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As $1B industrial innovation fund evolves, Amazon targets AI, driverless cars, and Asia.

Amazon has invested an unknown percentage of its $1 billion industrial innovation fund in almost a dozen U.S. and Israeli logistics, supply chain, and customer fulfillment firms for nearly two years. In an exclusive interview with Eltrys, the fund’s new director, Franziska Bossart, said Amazon is inching toward regional expansion and generative AI, which complement the purpose.

The Amazon Industrial Innovation Fund, launched in April 2022, continues to find and invest in startups that can help the e-commerce giant deliver goods faster and improve customer, warehouse, and logistics employee experiences. Amazon has invested in AI and robotics to improve its operations, including robotic arms for repetitive chores and automated cars for transporting heavier things. The fund is aimed at expanding on these efforts. Five firms researching robots and wearable technologies to improve fulfillment center safety received their initial 2022 financing.

The fund invested $110 million in businesses in its first year. Since spring 2023, investments in Veo Robotics, Flymingo, CoreTigo, RightBot, and Instock have accelerated. The firm recently invested in an unidentified generative AI business, Bossart said, adding that its technology might influence robotics.

“The fund has momentum, especially at the end of the year,” she said.

The geographical and thematic breadth are expanding. Bossart told Eltrys that she sees promise in Europe and Asia and wants the portfolio, which is mostly early-stage businesses, to shift “a little bit” toward later-stage firms. The business also blogged on the fund’s progress on Wednesday.

Bossart is also focusing on AI, bipedal/humanoid robots, and businesses with autonomous vehicle technologies to improve middle- and last-mile delivery.

Amazon has long been interested in and is using AI. Bossart thinks generative AI might improve robotics and automation. Robotics uses machine learning, a type of AI that learns from data. Bossart seeks businesses employing generative AI, which employs trained models to generate fresh data for perception, manipulation, and control for better automation. Generative AI helps integrate robots and automation to improve its capabilities.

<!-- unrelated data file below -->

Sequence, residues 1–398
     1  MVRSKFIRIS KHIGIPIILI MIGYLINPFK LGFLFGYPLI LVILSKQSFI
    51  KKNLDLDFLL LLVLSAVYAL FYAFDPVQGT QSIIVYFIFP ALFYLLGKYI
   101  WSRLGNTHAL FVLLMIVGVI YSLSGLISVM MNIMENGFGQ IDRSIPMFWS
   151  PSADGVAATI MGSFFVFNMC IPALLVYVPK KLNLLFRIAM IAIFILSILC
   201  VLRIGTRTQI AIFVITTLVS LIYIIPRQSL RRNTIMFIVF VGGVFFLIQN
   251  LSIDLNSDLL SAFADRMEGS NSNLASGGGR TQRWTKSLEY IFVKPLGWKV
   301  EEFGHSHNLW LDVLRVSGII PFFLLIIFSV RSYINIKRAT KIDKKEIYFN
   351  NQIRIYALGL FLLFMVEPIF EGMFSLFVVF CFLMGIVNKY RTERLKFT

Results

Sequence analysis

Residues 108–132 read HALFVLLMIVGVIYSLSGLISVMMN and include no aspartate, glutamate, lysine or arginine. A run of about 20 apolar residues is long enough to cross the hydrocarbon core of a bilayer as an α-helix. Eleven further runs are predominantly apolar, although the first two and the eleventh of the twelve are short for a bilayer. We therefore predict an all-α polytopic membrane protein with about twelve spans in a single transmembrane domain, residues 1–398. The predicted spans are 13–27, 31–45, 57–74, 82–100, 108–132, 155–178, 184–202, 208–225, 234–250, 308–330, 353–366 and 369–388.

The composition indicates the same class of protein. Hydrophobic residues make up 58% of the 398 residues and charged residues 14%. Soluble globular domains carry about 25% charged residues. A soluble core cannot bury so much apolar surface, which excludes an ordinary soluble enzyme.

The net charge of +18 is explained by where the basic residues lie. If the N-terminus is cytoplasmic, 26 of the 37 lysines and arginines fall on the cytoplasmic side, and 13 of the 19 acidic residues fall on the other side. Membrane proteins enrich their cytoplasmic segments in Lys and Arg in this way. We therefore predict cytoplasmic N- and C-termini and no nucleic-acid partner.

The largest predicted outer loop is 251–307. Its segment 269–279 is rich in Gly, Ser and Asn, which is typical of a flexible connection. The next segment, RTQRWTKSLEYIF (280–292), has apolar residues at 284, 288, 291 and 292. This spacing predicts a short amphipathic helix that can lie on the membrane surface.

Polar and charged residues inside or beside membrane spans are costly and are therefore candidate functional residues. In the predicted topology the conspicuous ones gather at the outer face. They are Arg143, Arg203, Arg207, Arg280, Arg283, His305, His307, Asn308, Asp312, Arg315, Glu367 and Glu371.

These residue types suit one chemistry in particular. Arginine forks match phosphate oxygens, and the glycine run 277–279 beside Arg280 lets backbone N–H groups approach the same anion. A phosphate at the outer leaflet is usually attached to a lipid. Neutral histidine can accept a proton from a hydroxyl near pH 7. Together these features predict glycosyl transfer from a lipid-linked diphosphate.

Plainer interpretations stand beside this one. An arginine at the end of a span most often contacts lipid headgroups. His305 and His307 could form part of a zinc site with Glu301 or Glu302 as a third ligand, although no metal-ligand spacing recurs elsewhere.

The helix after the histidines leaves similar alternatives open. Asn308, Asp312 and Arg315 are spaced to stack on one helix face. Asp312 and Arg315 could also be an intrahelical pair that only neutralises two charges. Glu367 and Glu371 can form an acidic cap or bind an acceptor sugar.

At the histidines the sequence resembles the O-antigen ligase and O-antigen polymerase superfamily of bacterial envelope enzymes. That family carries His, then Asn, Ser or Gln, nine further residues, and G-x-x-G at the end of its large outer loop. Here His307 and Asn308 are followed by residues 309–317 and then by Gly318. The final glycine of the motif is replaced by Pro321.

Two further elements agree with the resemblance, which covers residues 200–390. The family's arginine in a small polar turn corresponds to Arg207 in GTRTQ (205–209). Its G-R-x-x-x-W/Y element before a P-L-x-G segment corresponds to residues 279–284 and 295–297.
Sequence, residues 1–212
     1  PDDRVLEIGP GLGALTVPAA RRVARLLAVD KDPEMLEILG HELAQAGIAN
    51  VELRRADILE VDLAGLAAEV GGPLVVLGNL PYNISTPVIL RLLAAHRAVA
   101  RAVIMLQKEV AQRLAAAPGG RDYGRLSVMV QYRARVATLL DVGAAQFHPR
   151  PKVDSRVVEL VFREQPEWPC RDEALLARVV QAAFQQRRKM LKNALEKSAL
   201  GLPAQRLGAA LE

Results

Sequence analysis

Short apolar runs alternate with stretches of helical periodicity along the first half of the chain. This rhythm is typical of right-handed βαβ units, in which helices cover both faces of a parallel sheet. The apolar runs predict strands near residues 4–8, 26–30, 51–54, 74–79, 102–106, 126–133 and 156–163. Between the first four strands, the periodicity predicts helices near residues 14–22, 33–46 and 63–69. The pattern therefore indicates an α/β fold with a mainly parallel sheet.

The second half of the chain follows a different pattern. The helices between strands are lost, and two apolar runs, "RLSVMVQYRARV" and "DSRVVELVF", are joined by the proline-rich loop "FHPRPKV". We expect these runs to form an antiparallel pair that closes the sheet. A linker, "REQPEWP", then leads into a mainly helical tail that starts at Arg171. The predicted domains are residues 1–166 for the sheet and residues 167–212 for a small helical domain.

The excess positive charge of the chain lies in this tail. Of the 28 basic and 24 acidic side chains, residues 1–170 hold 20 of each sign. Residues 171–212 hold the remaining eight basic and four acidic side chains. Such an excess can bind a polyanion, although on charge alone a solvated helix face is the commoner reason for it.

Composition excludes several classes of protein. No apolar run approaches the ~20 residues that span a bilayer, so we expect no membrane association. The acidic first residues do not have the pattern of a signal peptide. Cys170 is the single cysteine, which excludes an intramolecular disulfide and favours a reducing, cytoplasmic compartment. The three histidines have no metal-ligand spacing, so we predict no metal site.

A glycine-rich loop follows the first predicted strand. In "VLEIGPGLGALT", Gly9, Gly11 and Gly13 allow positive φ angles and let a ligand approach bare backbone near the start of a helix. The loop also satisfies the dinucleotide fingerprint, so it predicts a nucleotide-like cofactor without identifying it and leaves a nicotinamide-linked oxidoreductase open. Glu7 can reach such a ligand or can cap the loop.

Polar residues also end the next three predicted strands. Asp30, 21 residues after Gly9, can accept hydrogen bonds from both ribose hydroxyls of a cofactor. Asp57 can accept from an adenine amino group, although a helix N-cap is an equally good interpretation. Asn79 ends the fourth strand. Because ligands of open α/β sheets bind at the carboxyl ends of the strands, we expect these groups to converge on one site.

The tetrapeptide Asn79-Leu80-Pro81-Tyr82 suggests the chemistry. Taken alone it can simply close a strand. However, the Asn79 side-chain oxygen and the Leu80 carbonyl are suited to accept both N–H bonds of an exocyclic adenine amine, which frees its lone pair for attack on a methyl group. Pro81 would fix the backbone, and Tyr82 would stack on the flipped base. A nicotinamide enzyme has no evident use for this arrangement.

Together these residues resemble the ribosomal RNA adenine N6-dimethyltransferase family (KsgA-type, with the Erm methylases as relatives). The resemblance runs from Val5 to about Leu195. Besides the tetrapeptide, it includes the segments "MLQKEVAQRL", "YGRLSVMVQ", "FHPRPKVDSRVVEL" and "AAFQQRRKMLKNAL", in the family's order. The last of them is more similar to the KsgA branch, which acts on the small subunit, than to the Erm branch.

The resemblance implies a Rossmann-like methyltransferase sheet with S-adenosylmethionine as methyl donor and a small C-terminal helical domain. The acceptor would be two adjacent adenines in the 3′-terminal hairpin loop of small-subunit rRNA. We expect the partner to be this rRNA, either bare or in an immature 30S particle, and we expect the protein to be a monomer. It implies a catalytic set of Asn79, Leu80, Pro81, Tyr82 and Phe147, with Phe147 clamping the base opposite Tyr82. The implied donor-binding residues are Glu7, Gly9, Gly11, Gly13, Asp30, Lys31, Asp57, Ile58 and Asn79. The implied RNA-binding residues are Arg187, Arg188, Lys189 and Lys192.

She noted that startups can benefit. She noted, “A lot of these startups’ biggest challenge is to get access to large datasets,” required to train AI. “Amazon has one of the largest datasets.”

Amazon, which relies on automation and robots to reach delivery objectives, has long been interested in robotics. Humanoid robot developers are of interest, Bossart said, citing the fund’s investment in Corvallis, Oregon-based Agility Robotics, renowned for Digit.

Amazon began testing Agility’s Digit robot at its BFI1 R&D site outside Seattle in October 2023. Amazon’s partnership with Agility remains, but Bossart said he still wants to invest in additional Agility firms.

“Mobile manipulation holds a great deal of promise,” Bossart said, adding that the business is interested in how bipedal robots might interact with people to improve safety. The business has proof that robots minimize injuries. Amazon found 15% and 18% reduced recordable and lost-time incident rates at Amazon Robotics facilities in 2022 than at its non-robotics sites.

Bossart also believes middle- and last-mile solutions can speed up package delivery. While Bossart said investing in autonomous car businesses is on the list, that’s not all. Bossart seeks companies developing supply chain technologies for all points. She mentioned minor automation solutions that speed up package unloading.

While Amazon is continuously looking for businesses with technologies that may be utilized in its ecosystem, Bossart stressed that the fund’s investments aren’t commercialized.

“We’re experimental at heart,” Bossart remarked.

Amazon invests in other ways outside the Industrial Innovation Fund. Amazon has always sought out and supported startups building mission-critical technology, products, and services. Amazon sometimes buys the firm.

Amazon created a $2 billion Climate Pledge Fund in 2020 to invest in sustainable technology and services to target net-zero carbon operations by 2040. Amazon’s climate fund has invested in over a dozen firms, including CarbonCure, CMC Machinery, Pachama, Redwood Materials, Resilient Power, Rivian, TurnTide Technologies, BETA Technologies, Ion Energy, ZeroAvia, and Infinium.

Eltrys Team
Author: Eltrys Team

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